World Seafood Congress kicks off

Editor’s note: SeaFood Business Associate Editor James Wright is in Washington, D.C., this week reporting from the World Seafood Congress. 

The seventh World Seafood Congress kicked off this morning at the Omni Shoreham Hotel in Washington, D.C., as seafood professionals from more than 30 nations gathered to discuss the challenges facing the global seafood trade. The event is organized by the International Association of Fish Inspectors and the National Fisheries Institute.

The theme of the event — Seafood + Trade = Health + Jobs — was echoed in many of the speakers’ opening remarks. Cameron Prince, VP of operations for the Canadian Food Inspection Agency, said it is crucial for global seafood leaders to share best practices and trainings that enhance safety and trade.

“We face many emerging issues. It’s great to have a network of people to draw on when you face challenges. An organization like [IAFI] can contribute to international standard setting,” said Prince. “The world is facing economic challenges we can’t ignore, but it’s more important to support organizations like IAFI now more than ever.”

The main drivers for change in seafood inspection globally are transparency and traceability, added Prince.

“There is a trend toward more industry-driven inspection systems. But where is that line between what the government does and what the industry does? With governments tending to have less resources, that question has to be dealt with so the overall integrity [of global seafood trade] is maintained,” he said.

John Whitehead, OBE/chair of UK organization Seafish, spoke about the global challenge of addressing sustainability and the “formidable battle in speaking to consumers” about the issues. Whitehead said that about USD 40 million is spent annually by non-governmental organizations in the United Kingdom and northern Europe alone, many of them funded by U.S.-based environmental groups.

“We must use our limited resources to the best effect in developing a level of trust between us all and a willingness to work together,” said Whitehead. “Industry is a crucial stakeholder in preserving the marine environment.”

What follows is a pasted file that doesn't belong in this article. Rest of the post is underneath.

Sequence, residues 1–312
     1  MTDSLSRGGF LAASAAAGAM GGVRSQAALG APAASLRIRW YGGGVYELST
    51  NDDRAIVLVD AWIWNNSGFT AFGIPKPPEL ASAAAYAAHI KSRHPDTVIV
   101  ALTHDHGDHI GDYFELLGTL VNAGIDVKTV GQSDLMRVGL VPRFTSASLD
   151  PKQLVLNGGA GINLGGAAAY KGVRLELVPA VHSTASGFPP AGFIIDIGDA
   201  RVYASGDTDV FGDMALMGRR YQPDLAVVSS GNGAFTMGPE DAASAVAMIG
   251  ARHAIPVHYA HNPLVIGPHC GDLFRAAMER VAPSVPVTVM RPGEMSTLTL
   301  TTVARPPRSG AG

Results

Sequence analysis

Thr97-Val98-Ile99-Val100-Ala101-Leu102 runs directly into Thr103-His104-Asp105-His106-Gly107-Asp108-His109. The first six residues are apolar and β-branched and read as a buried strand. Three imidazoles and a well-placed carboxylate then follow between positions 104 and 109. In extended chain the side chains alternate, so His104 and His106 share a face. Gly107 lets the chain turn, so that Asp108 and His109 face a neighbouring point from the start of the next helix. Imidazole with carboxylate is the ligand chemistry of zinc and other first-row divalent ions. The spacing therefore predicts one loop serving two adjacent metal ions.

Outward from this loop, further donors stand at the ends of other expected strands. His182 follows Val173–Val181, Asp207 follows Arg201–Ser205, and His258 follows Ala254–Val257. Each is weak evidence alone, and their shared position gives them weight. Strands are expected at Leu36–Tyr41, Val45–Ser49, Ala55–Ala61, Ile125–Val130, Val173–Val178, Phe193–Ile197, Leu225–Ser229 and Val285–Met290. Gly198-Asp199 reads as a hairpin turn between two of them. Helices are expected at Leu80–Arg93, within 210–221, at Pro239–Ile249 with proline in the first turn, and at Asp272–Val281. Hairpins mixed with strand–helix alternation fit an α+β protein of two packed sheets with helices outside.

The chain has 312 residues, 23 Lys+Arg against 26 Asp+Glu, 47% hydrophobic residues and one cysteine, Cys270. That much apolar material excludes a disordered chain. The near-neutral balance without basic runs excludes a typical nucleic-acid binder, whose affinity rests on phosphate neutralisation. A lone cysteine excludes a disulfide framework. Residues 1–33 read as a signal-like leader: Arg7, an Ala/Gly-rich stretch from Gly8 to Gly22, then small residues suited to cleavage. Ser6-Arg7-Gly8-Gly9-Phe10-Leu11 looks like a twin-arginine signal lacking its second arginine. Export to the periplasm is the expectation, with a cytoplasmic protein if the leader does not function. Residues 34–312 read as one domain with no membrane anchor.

Sustainability has become a major issue in the United Kingdom thanks largely to the campaign by celebrity chef Hugh Fearnsley-Whittingstall and his “Fish Fight” campaign, which was featured on TV and sought solutions to the controversial practice of discarding fish at sea. Whitehead said it was key that the industry engaged with Fearnsley-Whittingstall, who Whitehead said recognized that “many of the problems facing the industry are outside of its control, and that it’s pointless and wrong to demonize the fishers.

“The conclusion he came to is what we could have told him from the start — there is no simple solution to discards. We look forward to working further with Hugh and his team. Fishing better, fishing smarter needs friends, to make the management smarter as well,” said Whitehead. “Deciding who has the last word on sustainability is a thorny issue, one that will be debated for years to come.”

Whitehead added that Seafish is launching a new campaign this week called “Fish is the Dish,” which will educate consumers about introducing children to seafood and reduce the uncertainty and fear that consumers may have in preparing fish at home. The campaign will lean heavily on social media: Facebook, Twitter and “a network of mommy bloggers.”

“It’s modern marketing in action; we’re looking forward to it,” said Whitehead.

The World Seafood Congress was developed 15 years ago here in Washington, said IAFI President Mike Dillon. The first Congress was held in 1999 in Halifax, Nova Scotia. Subsequent events have been held in Dan Haag, Netherlands (2001); Sydney, Australia (2005); Dublin, Ireland (2007); Agadir, Morocco (2009).

The next Congress is slated for 28 September to 4 October, 2013, in St. John’s, Newfoundland, Canada.


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